Rooted in the work of Aristotle, epikeia, which is Greek for “reasonableness,” presumes that the intention of a lawmaker is to serve justice — where obeying a rule or law would create injustice, the just person disobeys, serving both justice and the (presumed) intention of the lawmaker to legislate for the common good. Thomas Aquinas uses this example: If a madman lends his sword to another, then demands it back when in a fit of murderous rage, epikeia demands that the sword not be returned. The rule about returning goods to their owners on request is usually just, but not in this kind of situation. A more contemporary example might be whether one must stay with an abusive spouse: Usually it’s a good idea to try to sustain a relationship that we promised would last our whole lives. However, when one partner abuses the other, then justice and an eye for the common good demand that we break the usually good rule in the name of self-defense or the defense of children. The rule does not apply.
Probabilism recognizes that in some complex moral questions, there is more than one reasonable stance, and says that one’s conscience is free to hold any probable opinion, that is, one that is supported by knowledgeable parties or strong arguments. Probabilism shines when there is legitimate pluralism on a moral question, and perhaps especially where moral questions are developing as a matter of increasing knowledge or, sometimes, when under-recognized voices are finally being heeded. What is probable, then, can change over time — while it may once have been reasonable to doubt anthropogenic climate change, the scientific evidence is now sufficiently strong that climate change denialism is no longer sensible.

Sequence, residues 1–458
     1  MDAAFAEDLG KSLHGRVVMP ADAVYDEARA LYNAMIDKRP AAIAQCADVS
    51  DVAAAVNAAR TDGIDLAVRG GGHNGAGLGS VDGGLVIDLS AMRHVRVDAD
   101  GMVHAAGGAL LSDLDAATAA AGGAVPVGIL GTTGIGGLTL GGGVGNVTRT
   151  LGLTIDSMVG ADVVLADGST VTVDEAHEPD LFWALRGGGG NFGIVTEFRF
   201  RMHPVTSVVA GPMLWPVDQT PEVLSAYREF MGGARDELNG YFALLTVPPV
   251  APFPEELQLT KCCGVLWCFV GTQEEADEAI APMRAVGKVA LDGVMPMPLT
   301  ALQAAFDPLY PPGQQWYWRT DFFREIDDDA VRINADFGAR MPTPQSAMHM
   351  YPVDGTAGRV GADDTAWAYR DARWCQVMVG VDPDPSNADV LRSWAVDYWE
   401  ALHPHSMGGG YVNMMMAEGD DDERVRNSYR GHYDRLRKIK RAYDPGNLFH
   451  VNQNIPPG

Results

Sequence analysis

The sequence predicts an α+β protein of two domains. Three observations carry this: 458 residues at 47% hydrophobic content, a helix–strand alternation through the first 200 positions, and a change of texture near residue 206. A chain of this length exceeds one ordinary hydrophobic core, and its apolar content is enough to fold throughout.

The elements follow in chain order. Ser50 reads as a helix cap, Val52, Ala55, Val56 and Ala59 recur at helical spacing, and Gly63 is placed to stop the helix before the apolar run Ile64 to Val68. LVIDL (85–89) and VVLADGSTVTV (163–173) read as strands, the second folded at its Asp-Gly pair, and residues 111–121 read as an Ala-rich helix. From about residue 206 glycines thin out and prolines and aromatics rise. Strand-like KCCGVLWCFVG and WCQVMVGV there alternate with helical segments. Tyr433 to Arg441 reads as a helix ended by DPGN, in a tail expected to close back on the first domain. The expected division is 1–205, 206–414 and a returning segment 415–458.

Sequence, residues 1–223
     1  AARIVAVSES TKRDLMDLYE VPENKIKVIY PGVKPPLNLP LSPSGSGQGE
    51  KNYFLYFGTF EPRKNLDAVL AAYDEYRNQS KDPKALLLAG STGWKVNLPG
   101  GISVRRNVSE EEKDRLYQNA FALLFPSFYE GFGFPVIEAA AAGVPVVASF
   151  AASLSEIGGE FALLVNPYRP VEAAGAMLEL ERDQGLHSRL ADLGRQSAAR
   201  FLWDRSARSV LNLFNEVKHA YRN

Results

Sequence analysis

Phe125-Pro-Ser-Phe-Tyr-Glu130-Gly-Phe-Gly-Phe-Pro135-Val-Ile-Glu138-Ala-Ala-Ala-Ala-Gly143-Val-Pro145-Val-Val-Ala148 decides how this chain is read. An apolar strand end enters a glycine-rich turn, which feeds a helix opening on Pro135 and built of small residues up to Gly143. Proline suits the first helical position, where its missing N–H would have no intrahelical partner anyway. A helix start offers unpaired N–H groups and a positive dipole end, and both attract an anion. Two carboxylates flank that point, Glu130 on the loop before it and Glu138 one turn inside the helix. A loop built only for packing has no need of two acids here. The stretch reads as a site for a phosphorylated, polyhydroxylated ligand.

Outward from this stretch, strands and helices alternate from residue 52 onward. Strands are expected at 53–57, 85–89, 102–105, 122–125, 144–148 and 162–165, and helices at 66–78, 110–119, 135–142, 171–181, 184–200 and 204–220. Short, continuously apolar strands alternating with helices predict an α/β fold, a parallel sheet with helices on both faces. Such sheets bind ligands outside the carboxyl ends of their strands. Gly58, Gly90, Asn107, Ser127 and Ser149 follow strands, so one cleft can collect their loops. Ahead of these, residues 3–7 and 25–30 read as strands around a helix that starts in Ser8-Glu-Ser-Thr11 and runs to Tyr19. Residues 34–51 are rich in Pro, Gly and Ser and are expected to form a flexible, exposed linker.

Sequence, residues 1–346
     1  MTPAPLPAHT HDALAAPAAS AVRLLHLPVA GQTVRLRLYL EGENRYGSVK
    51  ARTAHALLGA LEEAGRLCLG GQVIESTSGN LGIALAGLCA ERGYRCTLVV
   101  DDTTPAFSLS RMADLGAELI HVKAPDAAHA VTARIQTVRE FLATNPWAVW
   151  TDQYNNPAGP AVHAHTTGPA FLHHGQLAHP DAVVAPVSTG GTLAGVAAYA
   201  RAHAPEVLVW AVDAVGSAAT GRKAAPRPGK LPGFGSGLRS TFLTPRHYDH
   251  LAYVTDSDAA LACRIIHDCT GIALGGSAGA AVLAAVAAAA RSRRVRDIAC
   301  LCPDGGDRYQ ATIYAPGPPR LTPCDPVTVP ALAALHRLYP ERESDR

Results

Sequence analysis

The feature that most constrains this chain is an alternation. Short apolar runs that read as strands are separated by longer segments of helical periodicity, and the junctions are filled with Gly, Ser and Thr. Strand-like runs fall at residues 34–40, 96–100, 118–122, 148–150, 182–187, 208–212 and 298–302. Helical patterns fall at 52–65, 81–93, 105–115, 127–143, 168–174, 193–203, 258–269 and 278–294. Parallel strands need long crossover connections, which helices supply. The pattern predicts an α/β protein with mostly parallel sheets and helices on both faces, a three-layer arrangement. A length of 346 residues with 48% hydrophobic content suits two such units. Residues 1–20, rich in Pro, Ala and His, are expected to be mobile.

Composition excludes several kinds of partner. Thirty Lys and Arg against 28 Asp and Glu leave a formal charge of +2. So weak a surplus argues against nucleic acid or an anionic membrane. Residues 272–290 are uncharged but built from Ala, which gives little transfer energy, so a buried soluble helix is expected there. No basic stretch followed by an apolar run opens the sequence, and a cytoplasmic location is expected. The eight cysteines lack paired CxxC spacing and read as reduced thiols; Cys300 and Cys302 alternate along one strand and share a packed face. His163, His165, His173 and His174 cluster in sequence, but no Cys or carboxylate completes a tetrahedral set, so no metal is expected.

These tools for difficult questions recognize that moral issues may not be simple, straightforward, or settled once and for all. These are resources in Catholic theology that recognize the dynamism and complexity of moral life. They help us work through times and situations in which it can be hard to make out that voice that echoes in our depths.
Catholic magisterial teaching on abortion is very clear: Direct, intended termination of pregnancy from conception is condemned. The central issue in Catholic tradition is the question of the moral status of the embryo: When is a developing embryo to be considered a person, a bearer of rights, including a right to life?
This question has had a complicated history in Catholic tradition. For example, before the discovery of the mammalian egg in the 19th century, there was no clear understanding that the woman provided much to the developing embryo beyond nourishment. “Quickening” (the point at which the woman becomes aware of fetal movement) was used as a marker for personhood by a number of pre-modern Christians, including Aquinas (Summa Theologiae II-II, q. 64, a. 8, a.d 2). Some early church teaching also connected abortion to concealing sexual sin or regarded it as equivalent to killing babies by exposing them to the elements. In the contemporary era, ethicists propose various developmental markers like individuation (the point after which an embryo can no longer split into twins or combine with another embryo into a single organism), implantation into the uterus, a fetal heartbeat (about 10 weeks’ gestation), or viability outside the uterus as reasonable markers for declaring fetal personhood.